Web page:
A spokesperson for the National Stalking Consortium said: “Shana Grice’s death at the hand of her stalker Michael Lane is all the more tragic because it might have been prevented.

“We welcome Lane’s conviction today and hope that it gives some small comfort to Shana’s family and loved-ones, who have suffered such a terrible loss.

“If police officers had been given comprehensive training in how to identify the signs of stalking they might have been able to prevent her death because they would have been able to identify the motives behind Lane’s behaviour as well as just the behaviour itself. Instead Shana was fined for wasting police time by making a false crime report.

“This appalling case brings into sharp focus the urgent need for specialist stalking services to be rolled out across the country and for comprehensive training to be provided.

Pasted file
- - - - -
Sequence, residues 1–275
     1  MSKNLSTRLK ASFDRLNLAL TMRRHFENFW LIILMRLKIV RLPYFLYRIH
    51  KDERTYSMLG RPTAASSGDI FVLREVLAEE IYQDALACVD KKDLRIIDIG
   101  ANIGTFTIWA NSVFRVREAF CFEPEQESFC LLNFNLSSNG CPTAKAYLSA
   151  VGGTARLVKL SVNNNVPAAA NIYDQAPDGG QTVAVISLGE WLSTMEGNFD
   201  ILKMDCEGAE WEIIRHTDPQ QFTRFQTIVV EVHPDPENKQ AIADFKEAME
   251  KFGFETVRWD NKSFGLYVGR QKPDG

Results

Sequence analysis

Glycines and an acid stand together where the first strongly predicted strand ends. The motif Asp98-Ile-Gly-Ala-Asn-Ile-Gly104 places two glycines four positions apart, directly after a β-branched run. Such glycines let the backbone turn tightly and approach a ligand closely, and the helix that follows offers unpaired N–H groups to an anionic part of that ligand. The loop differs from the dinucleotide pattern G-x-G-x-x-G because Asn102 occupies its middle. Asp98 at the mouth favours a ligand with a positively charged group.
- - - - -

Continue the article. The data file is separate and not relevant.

“We hear complaints like Shana’s all the time on the National Stalking Helpline. Sadly, Shana’s story is far from isolated, yet fewer than one per cent of reported stalking cases result in a conviction and that just isn’t good enough.

“One in five women and one in 10 men will be victims of stalking in their lifetime and everyone should be confident that when they report stalking behaviour to the police that they are taken seriously.”